Let’s face it there is nothing romantic about a premarital agreement. When people ask you about your wedding planning I can guarantee they are not asking you how your prenuptial agreement negotiations are going. Generally, most people are entering into a marriage because they are in love and the last thing they want to think about as they are preparing to head down the aisle is the marriage ending.
Unfortunately, the reality is that nearly half of all marriages end in divorce, and while its true most marriages are based on love and mutual respect, it is also true that at the core of any marriage is a financial partnership.
A premarital agreement is a contract entered into by two people who intend to get married. The contract outlines both parties’ rights should the marriage end. The agreements are most often used when one or both of the parties is seeking to keep a particular asset out of the marital estate, where there is a sizable difference between the income and assets of the parties, or where one party has the possibility of accumulating assets in the future, like a large inheritance.
In order to have a valid and enforceable premarital agreement the agreement needs to be fair and reasonable at the time it was signed and fair and reasonable at the time of the divorce. This is what most lawyers call the “then and now” test.
Fair and Reasonable at Time of Execution
- There must be a full and accurate disclosure of both parties’ financial situations. Every asset should be disclosed, along with the value of each asset. This includes any expected inheritance or assets that a party expects to acquire in the near future.
- Both parties should have their own independent legal advice. If one party has substantially less income and/or assets and is not able to afford an attorney the other party should provide funds for that person to hire their own attorney. You should not recommend an attorney for that person to use and the funds provided should be on par with what the higher income party is paying their attorney.
- The sooner the better! The closer you get to the wedding date the more likelihood there is that your agreement will not be found to be valid. You want to make sure that it doesn’t look like one of the parties was forced to sign because the only other option was cancel or postpone the wedding.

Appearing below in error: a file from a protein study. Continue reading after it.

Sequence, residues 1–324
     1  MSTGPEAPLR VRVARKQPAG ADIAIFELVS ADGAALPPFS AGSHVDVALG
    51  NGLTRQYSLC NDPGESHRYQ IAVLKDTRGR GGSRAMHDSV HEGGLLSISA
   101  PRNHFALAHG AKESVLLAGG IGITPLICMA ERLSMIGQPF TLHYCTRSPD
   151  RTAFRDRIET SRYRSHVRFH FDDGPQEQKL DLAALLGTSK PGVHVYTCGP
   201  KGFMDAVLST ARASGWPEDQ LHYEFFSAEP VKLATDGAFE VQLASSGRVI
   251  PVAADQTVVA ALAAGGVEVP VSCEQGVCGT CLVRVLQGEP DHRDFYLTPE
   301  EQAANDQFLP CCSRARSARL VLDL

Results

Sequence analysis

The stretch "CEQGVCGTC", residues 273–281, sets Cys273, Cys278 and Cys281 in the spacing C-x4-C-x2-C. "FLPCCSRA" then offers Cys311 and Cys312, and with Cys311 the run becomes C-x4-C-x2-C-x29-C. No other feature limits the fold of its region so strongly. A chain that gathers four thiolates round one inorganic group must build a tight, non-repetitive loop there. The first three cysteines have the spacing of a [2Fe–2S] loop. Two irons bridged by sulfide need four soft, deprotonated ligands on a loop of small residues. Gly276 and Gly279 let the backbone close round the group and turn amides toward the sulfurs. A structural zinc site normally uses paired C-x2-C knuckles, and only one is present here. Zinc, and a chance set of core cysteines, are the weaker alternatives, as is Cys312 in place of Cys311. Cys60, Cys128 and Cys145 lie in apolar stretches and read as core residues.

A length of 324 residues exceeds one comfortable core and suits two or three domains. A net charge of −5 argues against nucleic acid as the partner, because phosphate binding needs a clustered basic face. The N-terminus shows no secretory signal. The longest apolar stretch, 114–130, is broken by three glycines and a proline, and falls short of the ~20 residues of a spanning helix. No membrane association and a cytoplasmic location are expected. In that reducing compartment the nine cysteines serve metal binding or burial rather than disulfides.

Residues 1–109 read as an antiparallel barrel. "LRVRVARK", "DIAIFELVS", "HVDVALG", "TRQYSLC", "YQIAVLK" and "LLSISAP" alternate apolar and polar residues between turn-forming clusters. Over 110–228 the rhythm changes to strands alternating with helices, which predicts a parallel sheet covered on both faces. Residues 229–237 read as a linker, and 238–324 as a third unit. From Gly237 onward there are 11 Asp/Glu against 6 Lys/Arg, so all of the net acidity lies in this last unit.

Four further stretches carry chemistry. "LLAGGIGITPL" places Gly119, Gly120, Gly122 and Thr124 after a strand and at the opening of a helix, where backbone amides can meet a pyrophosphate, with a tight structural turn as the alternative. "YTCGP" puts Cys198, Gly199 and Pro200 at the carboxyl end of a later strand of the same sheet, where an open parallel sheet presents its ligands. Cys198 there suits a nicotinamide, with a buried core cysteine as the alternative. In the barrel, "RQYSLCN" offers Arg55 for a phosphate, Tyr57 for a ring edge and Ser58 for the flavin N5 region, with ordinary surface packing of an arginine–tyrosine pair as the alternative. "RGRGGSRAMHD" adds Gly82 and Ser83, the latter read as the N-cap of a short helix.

Fair and Reasonable at Time of Dissolution
- This is a relatively easy standard to meet for most couples. The courts have interpreted this statement to mean that the agreement will be upheld so long as one of the parties is not left without enough income or assets to be self-supporting.
- Prenuptial agreements also have their limitations and terms relating to custody, visitation and child support will not be enforceable unless the parties agree to the terms at the time of divorce, and the courts find them fair and reasonable under the Massachusetts laws that would be applied at the time of the divorce.
Record your Agreement
- If your prenuptial agreement has an impact on property rights your agreement and asset schedule should be recorded at your local Registry of Deeds. This makes the agreement enforceable as to future creditors.
As someone who has experienced the process of wedding planning I know that those bridal checklists don’t include sitting down with your lawyer and negotiating a prenuptial agreement, but they should. I get calls from people all the time whose family or friends have finally convinced them to talk to an attorney, but it’s usually only a week or two before the wedding, and that can create serious issues regarding enforceability. Prenuptial agreements should be right at the top of the list next to booking your venue.